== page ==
Anyone who has ever been in the car with me, driving through a city or suburban area, has been subject to my rant about turfgrass. My friends and family have come to know this argument by heart. I love a nice green lawn as much as the next person, but with pollinator habitat disappearing by the acre and freshwater around the world becoming ever more precious, I can’t help but be a little critical of them. The fact is, a nonnative grass monoculture (area of only one species of plant) of bluegrass or fescue is something of a pollinator desert – offering no larval host plants or flowering food sources. And beyond that, they can take a lot of chemical and water input to keep them green and weed free. There are so many more interesting, attractive and ecologically friendly options for lawn replacement!
Ditching your front yard isn’t a new trend – it was hip in the middle ages too! The historic home of Anne Hathaway (wife of Shakespeare) has a beautiful and diverse front yard cottage garden. England has long been famous for their colorful cottage gardens. By Richard Peat [CC BY-SA 2.0 (https://creativecommons.org/licenses/by-sa/2.0)], via Wikimedia Commons
So Many Reasons, So Little Time
Between homeowner yards, business fronts, and miles of narrow hellstrips along city streets, our love affair with turfgrass runs inexplicably deep. And we have much too much of it here in Kansas – in 2011, Kansas had 495,000 acres of lawn, slightly more than the acreage of wheat but less than our acreage of corn. But there are so many good reasons to rethink our grass obsession and transition to more productive landscapes:
- native grasses/garden provide larval host plants and habitat for overwintering insects
- native plants produce seeds and berries for birds
- deep roots of native plants enrich soil and are resilient against drought
- dense garden spaces provide carbon sequestration and help to cool the air
I won’t tell you transitioning from a lawn to a prairie garden is easy. It takes lots of time and a fair bit of labor. I see it as trading one type of work for another. Instead of mowing every week, you will mow it down once a year. You save money on fertilizers and herbicides, but you spend time planting and weeding. I find gardening much more enjoyable work than traditional ‘lawn care’, and all the less tedious because I know the work is part of responsible resource use and providing habitat.
But even I am not a purist here; I will always have a little bit of grass lawn in my landscape. I have a dog who loves to play frisbee and roll in the grass, so that space gets well used. Additionally, you can use small areas of green grass to give the eye a rest in an otherwise diverse and colorful landscape. There is a whole spectrum of choices: you can go gung-ho and convert all your grassy areas to garden spaces, or you can simply commit to decreasing your square footage of turfgrass while still keeping certain areas for recreation and aesthetics.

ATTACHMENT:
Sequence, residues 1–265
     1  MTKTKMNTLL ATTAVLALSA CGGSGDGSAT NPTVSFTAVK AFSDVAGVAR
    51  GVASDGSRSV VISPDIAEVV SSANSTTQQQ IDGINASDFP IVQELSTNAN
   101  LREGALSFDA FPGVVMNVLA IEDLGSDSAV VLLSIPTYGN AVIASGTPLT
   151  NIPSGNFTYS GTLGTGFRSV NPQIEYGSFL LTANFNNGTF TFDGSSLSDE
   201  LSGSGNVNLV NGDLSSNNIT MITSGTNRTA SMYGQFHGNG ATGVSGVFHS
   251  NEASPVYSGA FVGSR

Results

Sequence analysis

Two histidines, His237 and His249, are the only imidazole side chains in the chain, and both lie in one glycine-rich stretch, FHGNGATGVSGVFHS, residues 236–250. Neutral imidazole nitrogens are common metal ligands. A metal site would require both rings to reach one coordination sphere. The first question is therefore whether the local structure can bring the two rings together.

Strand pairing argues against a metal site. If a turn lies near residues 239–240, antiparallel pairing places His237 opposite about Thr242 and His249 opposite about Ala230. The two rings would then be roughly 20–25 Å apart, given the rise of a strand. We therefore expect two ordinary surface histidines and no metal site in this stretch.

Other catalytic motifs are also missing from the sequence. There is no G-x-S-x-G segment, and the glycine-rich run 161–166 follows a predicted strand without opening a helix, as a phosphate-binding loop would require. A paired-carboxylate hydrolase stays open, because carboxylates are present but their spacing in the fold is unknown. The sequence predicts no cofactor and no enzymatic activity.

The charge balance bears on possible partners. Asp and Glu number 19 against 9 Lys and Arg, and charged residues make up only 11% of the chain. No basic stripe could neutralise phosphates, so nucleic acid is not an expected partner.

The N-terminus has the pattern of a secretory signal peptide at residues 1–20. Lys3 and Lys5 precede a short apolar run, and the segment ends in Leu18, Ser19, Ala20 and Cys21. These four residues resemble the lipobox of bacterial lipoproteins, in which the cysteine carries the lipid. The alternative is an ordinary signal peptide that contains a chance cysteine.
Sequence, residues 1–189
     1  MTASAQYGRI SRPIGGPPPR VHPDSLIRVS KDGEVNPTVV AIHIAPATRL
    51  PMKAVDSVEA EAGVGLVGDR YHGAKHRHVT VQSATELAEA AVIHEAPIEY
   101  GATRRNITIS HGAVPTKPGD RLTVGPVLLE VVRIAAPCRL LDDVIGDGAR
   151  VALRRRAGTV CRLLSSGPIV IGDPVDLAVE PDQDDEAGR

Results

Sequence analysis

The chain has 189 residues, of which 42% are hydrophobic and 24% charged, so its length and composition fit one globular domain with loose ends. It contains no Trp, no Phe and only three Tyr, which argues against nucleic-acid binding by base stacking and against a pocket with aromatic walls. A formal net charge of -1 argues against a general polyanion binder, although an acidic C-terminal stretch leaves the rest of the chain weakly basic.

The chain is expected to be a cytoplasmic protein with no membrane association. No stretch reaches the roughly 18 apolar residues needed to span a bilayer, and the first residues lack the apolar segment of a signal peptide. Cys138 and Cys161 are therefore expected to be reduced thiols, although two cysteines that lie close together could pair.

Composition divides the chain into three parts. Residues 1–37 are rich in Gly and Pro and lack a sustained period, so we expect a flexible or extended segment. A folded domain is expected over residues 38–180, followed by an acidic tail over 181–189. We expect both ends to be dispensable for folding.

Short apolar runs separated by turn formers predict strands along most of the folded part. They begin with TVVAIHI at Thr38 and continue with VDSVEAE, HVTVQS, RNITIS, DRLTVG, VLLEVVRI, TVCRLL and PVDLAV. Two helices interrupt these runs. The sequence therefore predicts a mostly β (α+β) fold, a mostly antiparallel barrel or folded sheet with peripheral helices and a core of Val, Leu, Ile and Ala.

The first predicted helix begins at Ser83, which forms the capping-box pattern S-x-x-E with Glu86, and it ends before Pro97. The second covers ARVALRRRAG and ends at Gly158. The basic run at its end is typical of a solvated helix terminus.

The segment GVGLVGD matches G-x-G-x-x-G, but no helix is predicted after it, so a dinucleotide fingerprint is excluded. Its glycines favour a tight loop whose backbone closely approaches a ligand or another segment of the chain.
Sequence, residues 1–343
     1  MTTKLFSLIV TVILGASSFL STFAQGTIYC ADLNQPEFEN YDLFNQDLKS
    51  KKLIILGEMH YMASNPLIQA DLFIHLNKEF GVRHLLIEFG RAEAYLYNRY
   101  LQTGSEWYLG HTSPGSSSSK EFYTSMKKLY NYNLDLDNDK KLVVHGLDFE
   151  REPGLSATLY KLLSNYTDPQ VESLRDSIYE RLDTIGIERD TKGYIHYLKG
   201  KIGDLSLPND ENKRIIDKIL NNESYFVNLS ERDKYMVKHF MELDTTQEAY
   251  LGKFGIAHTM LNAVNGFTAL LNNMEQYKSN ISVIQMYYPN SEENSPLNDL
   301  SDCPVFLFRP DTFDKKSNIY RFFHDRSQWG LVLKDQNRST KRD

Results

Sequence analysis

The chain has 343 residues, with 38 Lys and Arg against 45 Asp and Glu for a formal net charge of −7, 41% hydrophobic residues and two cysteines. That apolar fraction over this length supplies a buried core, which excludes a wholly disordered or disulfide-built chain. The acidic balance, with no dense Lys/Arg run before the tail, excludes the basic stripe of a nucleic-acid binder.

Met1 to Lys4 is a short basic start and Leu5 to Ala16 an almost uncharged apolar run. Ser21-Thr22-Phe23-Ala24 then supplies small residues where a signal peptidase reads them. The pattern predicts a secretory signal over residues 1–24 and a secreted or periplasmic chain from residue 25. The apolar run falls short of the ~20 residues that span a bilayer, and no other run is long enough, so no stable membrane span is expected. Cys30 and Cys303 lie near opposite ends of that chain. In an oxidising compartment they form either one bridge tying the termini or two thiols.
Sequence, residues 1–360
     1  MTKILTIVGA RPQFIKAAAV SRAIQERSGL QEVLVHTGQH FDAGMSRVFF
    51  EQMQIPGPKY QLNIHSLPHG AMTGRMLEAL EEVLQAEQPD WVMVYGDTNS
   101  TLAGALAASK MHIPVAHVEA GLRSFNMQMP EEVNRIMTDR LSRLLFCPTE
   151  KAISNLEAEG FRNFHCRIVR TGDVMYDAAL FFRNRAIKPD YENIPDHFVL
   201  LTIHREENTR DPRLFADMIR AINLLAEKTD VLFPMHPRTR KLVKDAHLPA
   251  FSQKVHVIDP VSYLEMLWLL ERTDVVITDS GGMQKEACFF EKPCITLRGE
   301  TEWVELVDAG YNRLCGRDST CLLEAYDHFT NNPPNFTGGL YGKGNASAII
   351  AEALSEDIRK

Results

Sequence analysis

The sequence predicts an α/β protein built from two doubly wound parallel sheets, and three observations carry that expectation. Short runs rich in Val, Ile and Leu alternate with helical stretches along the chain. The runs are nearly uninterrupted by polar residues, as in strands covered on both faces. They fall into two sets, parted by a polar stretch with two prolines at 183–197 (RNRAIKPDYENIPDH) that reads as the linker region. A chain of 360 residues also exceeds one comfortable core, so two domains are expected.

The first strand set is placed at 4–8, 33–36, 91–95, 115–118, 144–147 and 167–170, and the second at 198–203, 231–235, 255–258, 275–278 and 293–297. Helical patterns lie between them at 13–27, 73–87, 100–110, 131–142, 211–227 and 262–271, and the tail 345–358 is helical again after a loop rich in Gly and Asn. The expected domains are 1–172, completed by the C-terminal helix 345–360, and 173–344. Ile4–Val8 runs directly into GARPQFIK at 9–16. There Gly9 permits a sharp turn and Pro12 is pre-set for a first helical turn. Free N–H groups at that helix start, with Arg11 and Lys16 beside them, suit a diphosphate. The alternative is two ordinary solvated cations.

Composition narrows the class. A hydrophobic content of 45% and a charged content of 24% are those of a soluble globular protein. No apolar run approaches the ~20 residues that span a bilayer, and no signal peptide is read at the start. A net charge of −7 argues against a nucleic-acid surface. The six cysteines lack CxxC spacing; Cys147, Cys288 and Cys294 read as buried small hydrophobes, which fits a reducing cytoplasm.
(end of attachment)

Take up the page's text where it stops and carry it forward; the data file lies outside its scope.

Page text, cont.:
Go All In
If you are ready to swear off weekly mowing, regular applications of fertilizer, aeration, and all the other tasks that lead to a perfectly green lawn, consider a total transformation. Who says a garden has to be relegated to a small corner of the back yard? Make your lawn into a pollinator paradise with flowering natives. To keep the space looking organized and intentional, plant in masses or clumps. Following a landscape plan that draws the eye through the landscape with repeated colors and shapes also helps.
This home in Oklahoma has skipped the traditional grass lawn by planting shrubs and perennials around pathways and decorative rocks. The sidewalks keep things looking tidy and also make for easy access to the beds. By Lebuert [CC BY-SA 3.0 (https://creativecommons.org/licenses/by-sa/3.0) or GFDL (http://www.gnu.org/copyleft/fdl.html)], from Wikimedia Commons
Perhaps you, like me, still need some green lawn for your dog or space for a game of horseshoes. There are lots of ways you can decrease your ecological impact and create habitat without giving up your grass completely. Wide grassy pathways with curved edges create a fun, natural looking space that still provides room to play. Alternatively, think about areas of your landscape that are already divided up – do you have a sidewalk or fence that separates one part of your yard from this other? Commit to converting on of those spaces to native garden while the other can remain grass. This method allows you to learn as you go instead of being overwhelmed by an entire yard full of new plant material.
If you are thinking of making changes to your yard, big or small, Dyck Arboretum can provide landscape designs and choose native species that will thrive. The birds and butterflies you attract will be happy to see a yard full of food and color!